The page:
Several mechanisms contribute to loss of receptor activity including uncoupling of the receptor from adenylyl cyclase activity, internalization of the receptor and phosphorylation of internalized receptors.5 Several studies support the role of cyclic Adenosine Monophosphate (cAMP) in atherogenesis by modulating the function of vascular endothelium, the production of reactive oxygen species, the recruitment of circulating monocytes to the artery wall and their differentiation into macrophages-foam cells, by controlling the expression of pro-and anti-inflammatory interleukin, and regulating serum level of triglycerides and cholesterol.6,7 cAMP is also a possible target for prevention and treatment of atherosclerosis.6 The major non-synonymous SNPs of β2AR have been recognized at nucleotides 46 (A>G) (rs1042713) and 79 (C>G) (rs1042714) causing changes in amino acid residues at position 16 (Arg>Gly) and 27 (Gln>Glu) of the amino terminus respectively of the fourth intracellular loop. An enhanced agonist-mediated receptor down-regulation for the Gly16 variant of β2AR and a resistance to down-regulation for the Glu27 variant of β2AR has been observed.8 It is hypothesized that due to the polymorphism in β2AR, functional alteration in the receptor function occurs which influences a certain intermediate mechanism for the predisposition of cardiovascular and cerebrovascular diseases.9 We conducted a meta-analysis with available published studies to precisely determine the association of β2AR with ischemic stroke in order to offer early diagnosis of the susceptible subjects.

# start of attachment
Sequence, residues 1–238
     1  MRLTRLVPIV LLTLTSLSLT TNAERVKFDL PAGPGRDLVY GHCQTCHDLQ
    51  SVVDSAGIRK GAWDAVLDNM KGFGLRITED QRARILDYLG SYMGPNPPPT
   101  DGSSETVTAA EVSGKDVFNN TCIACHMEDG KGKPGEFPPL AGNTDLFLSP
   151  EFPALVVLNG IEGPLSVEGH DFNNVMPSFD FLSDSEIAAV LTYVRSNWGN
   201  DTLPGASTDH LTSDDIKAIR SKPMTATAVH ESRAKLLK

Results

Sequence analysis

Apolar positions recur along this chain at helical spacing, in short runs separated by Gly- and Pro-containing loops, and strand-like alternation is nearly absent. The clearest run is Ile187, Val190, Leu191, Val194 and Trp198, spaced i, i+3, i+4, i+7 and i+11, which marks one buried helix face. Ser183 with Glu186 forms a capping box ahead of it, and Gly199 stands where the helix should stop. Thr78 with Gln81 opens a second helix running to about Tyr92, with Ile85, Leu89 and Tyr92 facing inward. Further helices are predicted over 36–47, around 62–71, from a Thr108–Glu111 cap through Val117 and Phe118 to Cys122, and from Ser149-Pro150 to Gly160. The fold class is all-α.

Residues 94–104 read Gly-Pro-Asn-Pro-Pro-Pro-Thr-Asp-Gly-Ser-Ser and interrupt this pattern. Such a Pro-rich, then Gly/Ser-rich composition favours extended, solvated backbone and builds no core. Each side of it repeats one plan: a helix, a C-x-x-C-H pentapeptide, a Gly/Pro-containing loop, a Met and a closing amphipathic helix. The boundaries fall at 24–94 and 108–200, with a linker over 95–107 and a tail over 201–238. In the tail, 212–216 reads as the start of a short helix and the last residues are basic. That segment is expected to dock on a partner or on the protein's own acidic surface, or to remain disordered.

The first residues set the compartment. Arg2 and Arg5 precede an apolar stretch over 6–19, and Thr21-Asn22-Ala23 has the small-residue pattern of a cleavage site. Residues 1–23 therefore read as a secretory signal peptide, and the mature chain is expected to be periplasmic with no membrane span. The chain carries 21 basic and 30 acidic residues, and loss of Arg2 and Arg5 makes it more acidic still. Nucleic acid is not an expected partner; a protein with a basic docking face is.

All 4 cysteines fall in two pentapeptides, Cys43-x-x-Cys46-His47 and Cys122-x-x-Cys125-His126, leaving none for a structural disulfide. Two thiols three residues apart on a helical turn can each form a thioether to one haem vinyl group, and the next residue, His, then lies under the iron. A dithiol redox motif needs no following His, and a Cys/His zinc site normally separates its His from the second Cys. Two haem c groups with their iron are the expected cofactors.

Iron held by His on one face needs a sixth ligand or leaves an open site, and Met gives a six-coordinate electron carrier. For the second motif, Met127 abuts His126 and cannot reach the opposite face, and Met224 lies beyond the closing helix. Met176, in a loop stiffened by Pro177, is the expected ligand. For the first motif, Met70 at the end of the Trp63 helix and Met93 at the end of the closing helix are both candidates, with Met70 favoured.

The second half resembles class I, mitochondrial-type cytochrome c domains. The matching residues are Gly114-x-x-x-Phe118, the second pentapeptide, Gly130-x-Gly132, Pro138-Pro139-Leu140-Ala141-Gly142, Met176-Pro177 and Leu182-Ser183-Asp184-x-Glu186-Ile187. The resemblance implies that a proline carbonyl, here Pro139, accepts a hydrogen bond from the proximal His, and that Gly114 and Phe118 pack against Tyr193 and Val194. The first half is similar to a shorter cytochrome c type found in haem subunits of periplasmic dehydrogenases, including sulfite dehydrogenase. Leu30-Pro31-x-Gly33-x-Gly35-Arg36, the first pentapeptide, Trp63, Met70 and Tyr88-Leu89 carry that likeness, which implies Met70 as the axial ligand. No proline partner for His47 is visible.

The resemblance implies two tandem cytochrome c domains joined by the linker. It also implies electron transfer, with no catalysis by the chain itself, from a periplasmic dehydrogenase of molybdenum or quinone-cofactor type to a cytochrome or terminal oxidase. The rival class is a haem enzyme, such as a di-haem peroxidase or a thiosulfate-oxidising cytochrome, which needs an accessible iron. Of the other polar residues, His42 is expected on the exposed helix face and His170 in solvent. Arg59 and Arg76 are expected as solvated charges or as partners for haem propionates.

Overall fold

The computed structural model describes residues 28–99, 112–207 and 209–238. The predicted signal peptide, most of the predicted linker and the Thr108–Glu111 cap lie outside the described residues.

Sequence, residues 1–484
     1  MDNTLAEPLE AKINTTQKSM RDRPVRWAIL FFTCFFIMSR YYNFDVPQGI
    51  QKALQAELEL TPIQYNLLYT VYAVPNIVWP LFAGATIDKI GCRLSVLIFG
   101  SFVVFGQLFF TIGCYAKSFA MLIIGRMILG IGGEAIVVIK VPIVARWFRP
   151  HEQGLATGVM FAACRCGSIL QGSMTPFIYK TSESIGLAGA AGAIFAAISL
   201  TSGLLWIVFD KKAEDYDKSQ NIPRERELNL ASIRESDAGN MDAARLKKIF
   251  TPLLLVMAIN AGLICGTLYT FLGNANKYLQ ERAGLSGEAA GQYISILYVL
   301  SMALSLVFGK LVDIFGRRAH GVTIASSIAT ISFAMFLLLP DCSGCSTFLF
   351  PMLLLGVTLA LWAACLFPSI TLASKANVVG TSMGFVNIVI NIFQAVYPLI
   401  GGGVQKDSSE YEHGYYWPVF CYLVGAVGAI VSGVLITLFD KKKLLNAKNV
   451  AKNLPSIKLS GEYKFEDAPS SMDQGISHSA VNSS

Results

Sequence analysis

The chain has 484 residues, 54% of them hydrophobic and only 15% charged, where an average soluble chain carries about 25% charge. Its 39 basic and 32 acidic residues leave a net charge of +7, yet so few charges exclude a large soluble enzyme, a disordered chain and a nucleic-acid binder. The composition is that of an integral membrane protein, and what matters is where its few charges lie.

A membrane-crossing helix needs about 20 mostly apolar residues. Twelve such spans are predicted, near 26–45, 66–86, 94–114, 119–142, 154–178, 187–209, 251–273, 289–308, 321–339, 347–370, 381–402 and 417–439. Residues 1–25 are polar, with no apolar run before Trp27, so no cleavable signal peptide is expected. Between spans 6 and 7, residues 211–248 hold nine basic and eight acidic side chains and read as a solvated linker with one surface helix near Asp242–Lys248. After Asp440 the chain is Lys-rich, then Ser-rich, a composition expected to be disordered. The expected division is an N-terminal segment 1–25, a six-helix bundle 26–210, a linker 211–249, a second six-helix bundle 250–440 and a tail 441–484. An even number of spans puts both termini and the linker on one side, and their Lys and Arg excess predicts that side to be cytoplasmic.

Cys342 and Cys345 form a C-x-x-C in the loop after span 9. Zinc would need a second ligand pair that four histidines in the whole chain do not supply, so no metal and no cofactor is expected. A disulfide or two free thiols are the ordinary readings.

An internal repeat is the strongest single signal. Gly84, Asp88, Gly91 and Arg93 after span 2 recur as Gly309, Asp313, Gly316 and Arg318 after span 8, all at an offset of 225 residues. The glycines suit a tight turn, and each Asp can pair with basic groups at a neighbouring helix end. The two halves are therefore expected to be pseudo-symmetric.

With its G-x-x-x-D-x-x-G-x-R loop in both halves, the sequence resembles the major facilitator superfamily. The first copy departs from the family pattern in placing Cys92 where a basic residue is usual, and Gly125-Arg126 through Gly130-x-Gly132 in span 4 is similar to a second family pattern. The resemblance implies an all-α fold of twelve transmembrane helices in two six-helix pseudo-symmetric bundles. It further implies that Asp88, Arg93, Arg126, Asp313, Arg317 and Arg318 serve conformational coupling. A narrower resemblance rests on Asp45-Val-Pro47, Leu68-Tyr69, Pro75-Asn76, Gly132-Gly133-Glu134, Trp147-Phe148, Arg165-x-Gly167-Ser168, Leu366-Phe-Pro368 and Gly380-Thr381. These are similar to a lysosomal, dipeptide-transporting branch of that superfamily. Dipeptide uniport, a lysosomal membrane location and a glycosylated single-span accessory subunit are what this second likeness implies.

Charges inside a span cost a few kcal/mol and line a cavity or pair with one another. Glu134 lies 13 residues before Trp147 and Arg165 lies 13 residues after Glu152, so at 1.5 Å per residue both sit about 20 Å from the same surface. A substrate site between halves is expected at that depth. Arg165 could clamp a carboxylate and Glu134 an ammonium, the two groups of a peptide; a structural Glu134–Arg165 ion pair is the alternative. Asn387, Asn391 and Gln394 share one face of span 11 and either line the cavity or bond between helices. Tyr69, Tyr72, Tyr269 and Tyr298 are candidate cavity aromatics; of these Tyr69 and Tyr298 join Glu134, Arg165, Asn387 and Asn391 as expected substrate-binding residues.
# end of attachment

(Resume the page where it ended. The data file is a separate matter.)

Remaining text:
Literature search

PubMed database was comprehensively searched from 2007 to 2014 to identify all relevant studies. The following search keywords were applied: 'BAR' OR 'BAR gene variant' OR β2AR, 'Beta-adrenergic receptor' OR 'Beta adrenergic receptor polymorphism' AND 'cerebral infarction' OR 'cerebrovascular accident' OR 'Ischemic stroke' OR 'brain infarction'.

Criteria for considering the studies

Inclusion criteria: (i) Case control study studying the association between β2AR polymorphism and stroke; (ii) Studies published in English language with full text; (iii) Stroke Confirmed by MRI or CT. Exclusion Criteria: (i) Studies other than case control design; (ii) Studies did not report genotypic and allelic frequencies; (iii) Duplicate publication.

Selection of relevant articles

Two investigators (AK and MP) independently evaluated the title, abstracts and search terms for eligibility based on the predetermined selection criteria. All Discrepancies were resolved after rechecking the source papers and further discussion among the two authors.

Data extraction

The relevant data from each study were independently extracted by two reviewers (AK and MP) using a standardized, structured form including first author's name, year of publication, country, genotyping method, no. of cases and controls and frequency distribution of genotype and allele.


Search results